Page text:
The U.S. Department of Justice announced on Wednesday more than a dozen indictments against doctors in the Ohio Valley on charges relating to the illegal distribution of opioids. These are the first major indictments from the Appalachian Regional Prescription Opioid Strike Force, which started work in December.

Tony Wagner / American Public Media

For this episode, Trey speaks with Caitlin Esch, a reporter for The Uncertain Hour podcast, which is produced from the Wealth and Poverty Desk at APM’s Marketplace.  They’ve produced a series that examines the history of the so-called “War on Drugs.”

West Virginia Morning
West Virginia Public Broadcasting

On this West Virginia Morning, emergency personnel in Wheeling were responded to more than 130 overdose calls last year.  That’s about 20 more than they received in 2017. Overdose deaths doubled. The city decided to respond by enlisting the help of people who understand this trouble better than anyone else. Corey Knollinger reports.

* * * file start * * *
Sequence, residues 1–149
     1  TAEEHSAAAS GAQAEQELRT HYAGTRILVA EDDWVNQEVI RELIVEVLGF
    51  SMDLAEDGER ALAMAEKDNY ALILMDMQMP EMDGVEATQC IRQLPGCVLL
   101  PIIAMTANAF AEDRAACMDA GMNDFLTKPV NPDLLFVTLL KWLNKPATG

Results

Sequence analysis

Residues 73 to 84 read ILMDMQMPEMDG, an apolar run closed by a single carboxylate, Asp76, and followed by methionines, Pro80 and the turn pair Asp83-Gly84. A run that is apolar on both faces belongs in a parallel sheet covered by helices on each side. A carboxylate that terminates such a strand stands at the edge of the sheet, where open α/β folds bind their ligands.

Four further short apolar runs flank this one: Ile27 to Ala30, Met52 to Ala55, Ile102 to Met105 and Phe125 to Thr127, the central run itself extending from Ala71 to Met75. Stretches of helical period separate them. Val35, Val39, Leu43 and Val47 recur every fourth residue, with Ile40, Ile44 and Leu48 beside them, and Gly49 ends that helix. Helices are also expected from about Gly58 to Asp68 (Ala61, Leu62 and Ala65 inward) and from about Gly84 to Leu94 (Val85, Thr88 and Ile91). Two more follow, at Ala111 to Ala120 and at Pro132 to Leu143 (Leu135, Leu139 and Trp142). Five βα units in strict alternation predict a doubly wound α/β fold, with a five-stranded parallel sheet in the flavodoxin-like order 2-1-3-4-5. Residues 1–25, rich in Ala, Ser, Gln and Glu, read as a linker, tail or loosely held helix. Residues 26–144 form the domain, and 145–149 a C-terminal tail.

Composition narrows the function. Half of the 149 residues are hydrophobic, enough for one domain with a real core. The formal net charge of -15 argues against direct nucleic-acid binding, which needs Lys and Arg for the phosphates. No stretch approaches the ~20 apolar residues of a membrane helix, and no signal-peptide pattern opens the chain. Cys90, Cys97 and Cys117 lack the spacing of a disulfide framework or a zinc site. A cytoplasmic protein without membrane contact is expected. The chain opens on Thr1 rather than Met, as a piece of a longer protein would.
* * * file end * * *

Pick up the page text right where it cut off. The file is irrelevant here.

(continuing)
In a session dominated by an omnibus education bill that ultimately died, lawmakers know officially now that they'll be back for a special session on education. We bring you the latest, and we also speak with the presidents of two state universities.

West Virginia Morning
West Virginia Public Broadcasting

On this West Virginia Morning, from 2014 to 2016, more than 300 West Virginians on Medicaid overdosed. Researchers from Johns Hopkins School of Public Health wanted to see what kind of care those people got afterward. They found that only about 10 percent of people who experienced a non-fatal overdose received appropriate follow-up.